"Friendly Bugs" May Boost Your Mood
A new study found that people who took a probiotic formula for 30 days reported relief from depression and anxiety.
If winter doldrums or post-holiday blues have you feeling down, you may be interested in new research which links probiotics ("good" bacteria) to improving people's mood. A new study in the British Journal of Nutrition found that people who took a specific probiotic formula for 30 days reported relief from psychological distress.
Probiotics may protect your mind
A preliminary animal study by the authors of this study showed that the probiotic formulation reduced anxiety in rats. In this study, they looked at the effects of a probiotic formula on mood, stress, and coping strategies in humans.
A total of 55 healthy men and women were randomly assigned to a daily probiotic formula (Lactobacillus helveticus R0052 and Bifidobacterium longum R0175) or placebo for 30 days. Before and after treatment the participants filled out a variety of questionnaires about mood, stress, and coping and had a 24-hour urine collection for cortisol levels (one indicator of stress).
Results showed that compared with the placebo group, the probiotic group reported greater relief from depression, anger-hostility, anxiety, and the kind of worry that leads to physical symptoms (somatization). Urinary cortisol levels were lower in the probiotic group compared with the placebo group.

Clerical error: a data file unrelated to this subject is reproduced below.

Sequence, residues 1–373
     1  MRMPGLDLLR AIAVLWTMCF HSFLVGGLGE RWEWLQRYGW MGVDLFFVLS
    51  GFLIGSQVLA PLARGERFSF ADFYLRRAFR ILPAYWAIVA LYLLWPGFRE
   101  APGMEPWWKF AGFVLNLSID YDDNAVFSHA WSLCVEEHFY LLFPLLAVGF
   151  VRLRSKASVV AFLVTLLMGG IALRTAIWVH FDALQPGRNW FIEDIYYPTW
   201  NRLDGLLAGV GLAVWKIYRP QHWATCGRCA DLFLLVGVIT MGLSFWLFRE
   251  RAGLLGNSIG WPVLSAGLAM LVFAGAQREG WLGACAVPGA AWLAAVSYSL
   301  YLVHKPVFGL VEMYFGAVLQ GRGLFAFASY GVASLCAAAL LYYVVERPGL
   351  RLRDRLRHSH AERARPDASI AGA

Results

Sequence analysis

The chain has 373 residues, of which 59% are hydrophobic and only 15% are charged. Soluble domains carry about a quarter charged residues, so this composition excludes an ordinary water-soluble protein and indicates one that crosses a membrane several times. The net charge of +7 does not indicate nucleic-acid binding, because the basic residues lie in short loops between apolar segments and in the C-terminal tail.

"Subject to the confirmation of these results, probiotics might offer a useful novel therapeutic approach to neuropathological disorders and/or as adjunct therapies in psychiatric disorders," said lead author Michael Messaoudi, from the Department of Neuropsychopharmacology, at ETAP-Ethologie Applique´e,Vandoeuvre-le`s-Nancy, France, and his colleagues. This study was funded by Rosell-Lallemand, the makers of the probiotic formula provided in this study.
Increasing benefits of probiotics
(Br J Nutr 2010: doi:10.1017/S0007114510004319)
Jane Hart, MD, board-certified in internal medicine, serves in a variety of professional roles including consultant, journalist, and educator. Dr. Hart, a Clinical Instructor at Case Medical School in Cleveland, Ohio, writes extensively about health and wellness and a variety of other topics for nationally recognized organizations, websites, and print publications. Sought out for her expertise in the areas of integrative and preventive medicine, she is frequently quoted by national and local media. Dr. Hart is a professional lecturer for healthcare professionals, consumers, and youth and is a regular corporate speaker.